Energy Costs for Some Massachusetts Businesses Could Increase by 10 Percent

Date: January 31, 2017

 

Massachusetts energy costs are already some of the highest in the country, but one of the state’s electric companies would like to see those go higher.

Eversource filed a request with the Massachusetts Department of Public Utilities (DPU) to raise consumer prices on electricity delivered by NSTAR Electric Company and Western Massachusetts Electric Company. The increase would amount to a $96 million rate increase, including 10.5 percent shareholder profit. Residential, commercial, and industrial customers would be affected by this 10 percent increase.

However, following the rate hike request, Attorney General Maura Healey announced her opposition and vowed to fight it.

“As a regulated public utility, Eversource is required to justify why the state should permit it to raise electric rates on residents and business customers,” Healey said in a statement. “Our initial evaluation shows that Eversource should be returning profits to customers as savings, not raising rates. We urge the DPU to reject Eversource’s request for a rate hike.”

This isn’t the first time Healey has taken action on this issue. In December 2016, she sent a letter to the DPU asking for an investigation into why Massachusetts utility companies are allowed to collect higher profits than those in neighboring states. In October 2016, the DPU allowed a 9.9 percent shareholder profit (return on equity, or ROE) as part of National Grid’s $101 million rate hike, the highest in the state for an electric or gas utility company since 2009. In Connecticut and Maine, meanwhile, ROE for electric companies have been limited to 9.1 and 9.0 percent, respectively. Twelve million dollars per year could be saved for National Grid customers in Massachusetts if that ROE were limited to 9.1 percent, Healey’s press release noted.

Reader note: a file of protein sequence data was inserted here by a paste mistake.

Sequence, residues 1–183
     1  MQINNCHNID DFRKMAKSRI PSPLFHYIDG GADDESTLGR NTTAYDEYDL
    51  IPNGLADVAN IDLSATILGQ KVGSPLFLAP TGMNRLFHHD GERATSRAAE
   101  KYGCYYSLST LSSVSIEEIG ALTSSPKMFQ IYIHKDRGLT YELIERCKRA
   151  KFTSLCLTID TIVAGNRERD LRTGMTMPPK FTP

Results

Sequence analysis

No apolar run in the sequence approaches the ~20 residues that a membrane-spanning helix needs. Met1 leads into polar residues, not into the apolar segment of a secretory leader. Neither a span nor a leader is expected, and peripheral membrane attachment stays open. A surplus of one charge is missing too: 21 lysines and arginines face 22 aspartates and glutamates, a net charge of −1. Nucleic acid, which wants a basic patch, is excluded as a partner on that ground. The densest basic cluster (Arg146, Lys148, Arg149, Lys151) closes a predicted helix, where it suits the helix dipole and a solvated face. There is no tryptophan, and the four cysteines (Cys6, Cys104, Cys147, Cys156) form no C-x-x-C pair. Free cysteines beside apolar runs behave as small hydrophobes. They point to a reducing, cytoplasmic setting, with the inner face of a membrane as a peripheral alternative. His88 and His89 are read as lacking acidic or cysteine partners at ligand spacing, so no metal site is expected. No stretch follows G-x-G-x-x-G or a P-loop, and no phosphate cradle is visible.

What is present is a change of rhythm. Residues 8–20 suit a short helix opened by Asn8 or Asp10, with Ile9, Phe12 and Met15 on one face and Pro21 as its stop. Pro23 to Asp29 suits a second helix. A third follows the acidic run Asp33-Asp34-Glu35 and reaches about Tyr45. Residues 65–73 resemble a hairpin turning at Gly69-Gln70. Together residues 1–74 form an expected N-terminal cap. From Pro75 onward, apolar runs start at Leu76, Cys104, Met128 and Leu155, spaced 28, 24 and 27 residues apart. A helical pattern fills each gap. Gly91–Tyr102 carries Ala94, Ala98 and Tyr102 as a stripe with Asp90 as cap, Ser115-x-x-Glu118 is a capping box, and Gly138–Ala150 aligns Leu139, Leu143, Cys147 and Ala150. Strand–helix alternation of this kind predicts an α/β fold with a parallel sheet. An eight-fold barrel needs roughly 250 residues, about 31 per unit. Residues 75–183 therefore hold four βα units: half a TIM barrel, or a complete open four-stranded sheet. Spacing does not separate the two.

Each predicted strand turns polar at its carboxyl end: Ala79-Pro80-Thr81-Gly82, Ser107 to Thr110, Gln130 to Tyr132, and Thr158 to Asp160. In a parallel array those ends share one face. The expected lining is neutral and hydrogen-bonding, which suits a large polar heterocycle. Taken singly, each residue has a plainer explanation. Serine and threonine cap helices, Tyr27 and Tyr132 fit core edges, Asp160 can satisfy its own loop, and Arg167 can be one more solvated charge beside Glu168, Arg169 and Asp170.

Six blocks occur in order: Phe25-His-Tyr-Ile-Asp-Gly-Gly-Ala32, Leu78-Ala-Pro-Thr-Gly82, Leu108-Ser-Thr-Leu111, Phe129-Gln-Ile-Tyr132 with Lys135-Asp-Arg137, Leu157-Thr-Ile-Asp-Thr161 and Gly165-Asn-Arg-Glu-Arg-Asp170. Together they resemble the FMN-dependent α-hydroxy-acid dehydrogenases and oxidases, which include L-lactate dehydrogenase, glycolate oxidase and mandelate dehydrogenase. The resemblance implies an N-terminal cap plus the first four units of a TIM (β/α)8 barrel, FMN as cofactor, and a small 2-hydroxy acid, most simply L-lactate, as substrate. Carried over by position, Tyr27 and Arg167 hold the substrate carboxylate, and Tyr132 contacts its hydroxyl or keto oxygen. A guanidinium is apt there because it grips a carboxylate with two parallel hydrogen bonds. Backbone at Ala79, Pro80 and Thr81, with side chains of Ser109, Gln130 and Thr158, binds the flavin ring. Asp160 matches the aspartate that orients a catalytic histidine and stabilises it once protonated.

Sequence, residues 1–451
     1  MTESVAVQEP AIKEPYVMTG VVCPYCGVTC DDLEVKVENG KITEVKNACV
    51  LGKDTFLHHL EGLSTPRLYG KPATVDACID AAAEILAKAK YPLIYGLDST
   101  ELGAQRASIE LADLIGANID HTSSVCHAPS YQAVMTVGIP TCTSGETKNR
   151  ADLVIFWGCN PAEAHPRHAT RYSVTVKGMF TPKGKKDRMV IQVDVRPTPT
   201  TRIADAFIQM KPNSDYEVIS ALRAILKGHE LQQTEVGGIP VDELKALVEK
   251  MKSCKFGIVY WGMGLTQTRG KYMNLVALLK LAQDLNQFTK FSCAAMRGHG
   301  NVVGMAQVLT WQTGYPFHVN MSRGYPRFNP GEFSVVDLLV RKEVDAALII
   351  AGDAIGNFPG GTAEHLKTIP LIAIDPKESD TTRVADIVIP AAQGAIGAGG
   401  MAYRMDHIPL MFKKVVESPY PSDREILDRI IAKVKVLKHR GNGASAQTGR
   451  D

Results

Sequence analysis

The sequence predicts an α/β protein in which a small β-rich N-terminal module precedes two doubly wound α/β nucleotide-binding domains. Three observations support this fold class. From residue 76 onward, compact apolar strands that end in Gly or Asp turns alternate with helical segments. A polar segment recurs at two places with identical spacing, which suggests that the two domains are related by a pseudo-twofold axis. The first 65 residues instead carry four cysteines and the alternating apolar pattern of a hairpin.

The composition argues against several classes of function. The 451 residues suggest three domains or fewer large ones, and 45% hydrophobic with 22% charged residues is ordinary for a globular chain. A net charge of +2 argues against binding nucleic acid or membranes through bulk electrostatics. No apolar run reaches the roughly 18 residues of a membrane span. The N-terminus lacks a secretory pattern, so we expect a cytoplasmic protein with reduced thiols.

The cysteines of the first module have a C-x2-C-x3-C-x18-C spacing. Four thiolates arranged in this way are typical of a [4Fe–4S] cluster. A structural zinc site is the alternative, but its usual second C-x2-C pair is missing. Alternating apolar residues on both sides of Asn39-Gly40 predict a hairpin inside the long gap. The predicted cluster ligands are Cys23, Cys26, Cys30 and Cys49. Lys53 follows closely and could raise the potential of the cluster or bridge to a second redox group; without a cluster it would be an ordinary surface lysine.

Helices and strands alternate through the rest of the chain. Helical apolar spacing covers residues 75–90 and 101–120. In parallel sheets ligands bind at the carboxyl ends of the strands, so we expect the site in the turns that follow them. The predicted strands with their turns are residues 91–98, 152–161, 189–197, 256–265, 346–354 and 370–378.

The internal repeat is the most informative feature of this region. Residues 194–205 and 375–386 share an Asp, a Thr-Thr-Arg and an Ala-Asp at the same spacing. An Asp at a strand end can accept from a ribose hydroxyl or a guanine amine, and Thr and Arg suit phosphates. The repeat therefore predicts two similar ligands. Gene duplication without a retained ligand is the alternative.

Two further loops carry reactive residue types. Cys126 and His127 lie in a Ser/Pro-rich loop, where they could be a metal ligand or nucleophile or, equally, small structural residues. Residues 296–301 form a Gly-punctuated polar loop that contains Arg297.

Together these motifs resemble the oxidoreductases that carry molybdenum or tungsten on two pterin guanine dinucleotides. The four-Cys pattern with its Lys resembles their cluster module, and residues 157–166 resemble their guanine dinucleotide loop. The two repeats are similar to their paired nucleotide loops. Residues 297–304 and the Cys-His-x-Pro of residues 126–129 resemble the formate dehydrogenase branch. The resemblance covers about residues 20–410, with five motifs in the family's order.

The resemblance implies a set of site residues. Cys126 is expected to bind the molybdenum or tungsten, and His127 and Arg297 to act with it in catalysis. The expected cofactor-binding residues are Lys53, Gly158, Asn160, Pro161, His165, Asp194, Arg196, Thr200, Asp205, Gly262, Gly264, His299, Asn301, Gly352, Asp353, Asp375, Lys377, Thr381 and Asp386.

NFIB/MA State Director Bill Vernon spoke out about small business owners’ concerns about energy costs as well.

“Because Massachusetts’ small business owners are increasingly concerned that the high cost of energy is affecting their ability to compete here, we will be closely monitoring the proceedings before the Department of Public Utilities and thank Attorney General Healey for her advocacy on behalf of small businesses,” he said in a statement.

DPU isn’t expected to make a decision until the end of the year, and if approved, the increase would go into effect on Jan. 1, 2018, The Berkshire Eagle reported.

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